Indonesia is Back on the Tokyo MoU White List! Maritime Safety Achievements Continue to Grow

In accordance with the results of the Tokyo MoU Annual Report for 2023, Indonesia was again included in the Tokyo MoU White List category. This shows Indonesia's success in maintaining this status for four consecutive years, 2020, 2021, 2022, and 2023. This was announced by Captain Antoni Arif Priadi, Director General of Sea Transportation, on Sunday, May 5, 2024, in Jakarta.

In the Tokyo MoU report, he stated that out of 654 inspections of Indonesian-flagged vessels over the past three years, 28 vessels were detained. This number increased slightly in 2021, 10 vessels in 2022, and 13 vessels in 2023. 

"With Indonesia's entry into the Tokyo MoU White List, it shows world recognition of the performance of Indonesian-flagged ships, as well as increasing world confidence in the safety and security aspects of shipping in Indonesia and making Indonesian-flagged ships able to compete with other flagged ships in the world," said Capt. Antoni.

In addition, Captain Antoni explained that the Directorate General of Sea Transportation has made various efforts to ensure that Indonesian vessels sailing abroad continue to operate properly and maintain their White List status. One of the steps taken by the Directorate General of Sea Transportation is to ask the Ship Safety Inspection Officer and the Maritime and Safety Inspection Officer to inspect the ships.

"As for the owner and/or operator whose ship is detained abroad, sanctions are given in the form of a warning, a decrease in the shipping area of the ship, or freezing the Document of Compliance (DOC) if a serious violation is found," said Capt. Antoni.

In addition, additional efforts are being made by the Directorate General of Sea Transportation through the Directorate of Shipping and Maritime Affairs to continue to assist and assess companies whose vessels are detained. One way to do this is by sending ship safety inspection officials directly to the ship to ensure the crew can fulfill all the information provided by the port control officer of the foreign country.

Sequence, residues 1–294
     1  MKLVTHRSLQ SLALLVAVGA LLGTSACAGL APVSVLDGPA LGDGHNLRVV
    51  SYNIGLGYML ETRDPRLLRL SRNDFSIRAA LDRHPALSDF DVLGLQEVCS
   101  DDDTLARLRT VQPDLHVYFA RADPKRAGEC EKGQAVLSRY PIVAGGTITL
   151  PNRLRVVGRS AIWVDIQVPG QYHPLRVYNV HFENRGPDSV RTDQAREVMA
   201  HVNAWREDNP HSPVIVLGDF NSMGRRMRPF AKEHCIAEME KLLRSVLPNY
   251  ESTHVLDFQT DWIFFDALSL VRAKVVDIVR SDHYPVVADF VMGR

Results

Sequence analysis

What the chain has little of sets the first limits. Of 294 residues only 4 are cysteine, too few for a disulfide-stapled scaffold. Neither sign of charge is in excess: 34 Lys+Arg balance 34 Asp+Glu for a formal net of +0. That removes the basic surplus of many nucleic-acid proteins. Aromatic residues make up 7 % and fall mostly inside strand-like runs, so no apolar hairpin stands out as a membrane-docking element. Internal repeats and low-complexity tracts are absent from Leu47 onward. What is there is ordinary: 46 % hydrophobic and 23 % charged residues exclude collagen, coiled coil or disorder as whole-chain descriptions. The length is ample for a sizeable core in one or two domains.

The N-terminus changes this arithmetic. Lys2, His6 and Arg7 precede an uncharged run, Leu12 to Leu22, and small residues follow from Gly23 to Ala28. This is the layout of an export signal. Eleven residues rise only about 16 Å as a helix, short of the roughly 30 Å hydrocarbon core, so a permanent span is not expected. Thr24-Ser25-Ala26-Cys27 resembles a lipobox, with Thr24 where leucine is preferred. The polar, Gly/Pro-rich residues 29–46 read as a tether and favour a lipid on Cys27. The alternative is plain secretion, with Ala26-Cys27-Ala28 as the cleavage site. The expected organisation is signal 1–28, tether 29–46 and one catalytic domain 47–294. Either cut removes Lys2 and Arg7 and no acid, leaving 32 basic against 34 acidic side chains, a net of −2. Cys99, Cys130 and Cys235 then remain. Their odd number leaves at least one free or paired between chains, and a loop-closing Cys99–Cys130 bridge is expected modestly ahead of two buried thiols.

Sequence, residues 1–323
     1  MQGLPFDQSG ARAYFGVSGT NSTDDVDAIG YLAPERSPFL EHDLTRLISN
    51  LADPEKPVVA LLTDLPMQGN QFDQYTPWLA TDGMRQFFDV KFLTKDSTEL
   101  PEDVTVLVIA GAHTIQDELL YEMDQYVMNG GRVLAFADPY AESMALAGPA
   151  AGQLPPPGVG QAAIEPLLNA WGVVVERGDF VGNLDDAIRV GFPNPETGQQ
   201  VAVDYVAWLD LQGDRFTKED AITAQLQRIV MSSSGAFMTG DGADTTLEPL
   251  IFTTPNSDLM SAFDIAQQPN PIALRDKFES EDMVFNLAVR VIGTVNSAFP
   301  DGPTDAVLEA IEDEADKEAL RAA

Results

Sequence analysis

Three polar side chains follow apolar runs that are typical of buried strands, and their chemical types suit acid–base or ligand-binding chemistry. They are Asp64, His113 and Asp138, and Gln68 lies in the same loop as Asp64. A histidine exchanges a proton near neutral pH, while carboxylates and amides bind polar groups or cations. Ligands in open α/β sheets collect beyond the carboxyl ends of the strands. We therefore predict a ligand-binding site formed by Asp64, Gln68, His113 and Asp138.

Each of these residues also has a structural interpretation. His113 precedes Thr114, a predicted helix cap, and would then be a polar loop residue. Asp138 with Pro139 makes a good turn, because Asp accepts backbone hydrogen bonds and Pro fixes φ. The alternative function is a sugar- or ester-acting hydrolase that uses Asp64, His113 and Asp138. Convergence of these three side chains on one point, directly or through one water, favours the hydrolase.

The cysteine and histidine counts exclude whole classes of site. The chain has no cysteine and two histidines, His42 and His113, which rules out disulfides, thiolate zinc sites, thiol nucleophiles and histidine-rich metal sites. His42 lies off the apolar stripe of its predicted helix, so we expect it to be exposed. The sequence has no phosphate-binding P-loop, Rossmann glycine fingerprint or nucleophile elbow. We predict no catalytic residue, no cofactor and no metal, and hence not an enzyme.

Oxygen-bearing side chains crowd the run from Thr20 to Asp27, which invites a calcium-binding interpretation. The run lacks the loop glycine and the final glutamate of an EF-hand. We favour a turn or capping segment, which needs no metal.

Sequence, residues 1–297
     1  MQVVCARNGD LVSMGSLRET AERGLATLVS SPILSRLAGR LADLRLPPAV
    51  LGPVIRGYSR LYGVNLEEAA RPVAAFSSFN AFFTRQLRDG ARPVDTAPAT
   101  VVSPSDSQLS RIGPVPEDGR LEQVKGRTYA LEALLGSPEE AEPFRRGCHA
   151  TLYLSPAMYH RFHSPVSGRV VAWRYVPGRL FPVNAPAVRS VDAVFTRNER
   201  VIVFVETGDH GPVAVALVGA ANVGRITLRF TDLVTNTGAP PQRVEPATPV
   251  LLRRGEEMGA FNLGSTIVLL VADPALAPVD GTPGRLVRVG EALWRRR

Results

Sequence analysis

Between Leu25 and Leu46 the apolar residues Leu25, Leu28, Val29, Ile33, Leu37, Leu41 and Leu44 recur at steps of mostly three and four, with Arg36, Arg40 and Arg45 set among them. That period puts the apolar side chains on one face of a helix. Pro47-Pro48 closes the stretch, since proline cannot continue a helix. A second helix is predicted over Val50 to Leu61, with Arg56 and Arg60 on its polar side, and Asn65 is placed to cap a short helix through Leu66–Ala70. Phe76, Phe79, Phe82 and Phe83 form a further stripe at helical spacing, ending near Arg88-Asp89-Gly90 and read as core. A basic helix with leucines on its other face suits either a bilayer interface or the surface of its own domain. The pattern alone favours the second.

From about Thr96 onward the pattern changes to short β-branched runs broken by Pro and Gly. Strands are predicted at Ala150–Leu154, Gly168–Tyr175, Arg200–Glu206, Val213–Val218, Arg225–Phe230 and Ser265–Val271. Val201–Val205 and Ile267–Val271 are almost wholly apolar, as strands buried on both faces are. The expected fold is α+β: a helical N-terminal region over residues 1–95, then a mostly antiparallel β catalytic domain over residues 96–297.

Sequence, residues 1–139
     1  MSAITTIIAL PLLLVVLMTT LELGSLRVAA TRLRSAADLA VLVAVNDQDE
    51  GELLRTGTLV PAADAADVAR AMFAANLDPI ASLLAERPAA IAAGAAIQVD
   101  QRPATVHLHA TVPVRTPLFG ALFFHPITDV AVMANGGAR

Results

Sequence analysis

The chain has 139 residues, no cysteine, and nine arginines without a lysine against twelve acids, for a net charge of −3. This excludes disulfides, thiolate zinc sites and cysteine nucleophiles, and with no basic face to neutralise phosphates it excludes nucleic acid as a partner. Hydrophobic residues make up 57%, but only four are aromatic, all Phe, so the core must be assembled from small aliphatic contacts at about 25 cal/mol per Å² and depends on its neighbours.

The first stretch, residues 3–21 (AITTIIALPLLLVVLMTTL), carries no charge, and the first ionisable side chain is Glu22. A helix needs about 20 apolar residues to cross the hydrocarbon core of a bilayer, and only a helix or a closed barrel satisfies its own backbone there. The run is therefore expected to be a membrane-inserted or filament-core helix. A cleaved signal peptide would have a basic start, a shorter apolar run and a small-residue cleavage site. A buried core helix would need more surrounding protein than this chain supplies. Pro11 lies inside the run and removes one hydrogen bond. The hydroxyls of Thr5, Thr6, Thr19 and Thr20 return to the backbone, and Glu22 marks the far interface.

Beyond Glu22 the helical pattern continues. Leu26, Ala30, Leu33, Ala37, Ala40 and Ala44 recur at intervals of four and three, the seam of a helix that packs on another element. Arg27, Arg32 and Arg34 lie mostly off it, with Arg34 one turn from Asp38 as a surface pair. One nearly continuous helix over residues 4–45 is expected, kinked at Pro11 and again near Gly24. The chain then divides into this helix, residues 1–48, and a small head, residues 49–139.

The Director General of Hubla further explained the benefits of Indonesia's return to the White-List category, including Indonesia's positive international reputation, enhanced reputation as a country with high safety standards, and high compliance with international maritime regulations. With the inclusion of Indonesian-flagged vessels in the White-List category, the country will be viewed more favorably by insurers, charterers, and other maritime stakeholders.

"In terms of ship inspections, there is a reduction in the frequency of inspections because ships from White-List countries tend to be inspected less frequently because they are considered to have a high level of compliance, which can reduce waiting time and avoid unnecessary delays when entering the port," said Capt. Antoni.

According to Captain Antoni, the reduction in inspection time allows vessels to operate more efficiently, reducing operational costs and increasing productivity. Vessels can also pass inspection procedures more quickly, which saves time and resources.

"Meanwhile, in terms of ease of port access, ships from White-List countries may get easier access to the port because they are considered low-risk, so the port is more likely to accept ships with a good safety track record without having to go through strict checks," Capt. Antoni explained.

From an economic perspective, Indonesian-flagged vessels on the White List are more profitable for ship operators and charterers, thus increasing competition in the shipping industry in Indonesia. This will inevitably lead to more new vessels being registered in Indonesia, which will generate more money from registration fees and taxes.

From a safety standards perspective, Indonesia's inclusion in the White-List category shows that the country has an effective maritime surveillance system, which helps to improve crew and vessel safety standards, thereby improving the maritime industry as a whole.

"More than that, in terms of diplomatic support, flag states on the white list have a stronger position in international negotiations related to maritime rules, thus allowing the country to play a greater role in global maritime policymaking and standards," Capt. Antoni said.

In this regard, Captain Antoni requested that ship owners and operators not only rest on their laurels with this positive achievement but also continue to commit to complying with international rules when their vessels operate overseas.

For information, Indonesia's Port State Control Officer (PSCO) has conducted 3,180 inspections on foreign-flagged vessels throughout 2023 and detained 34 vessels. As the only national classification society, the Indonesian Bureau of Classification again received a high performance rating.

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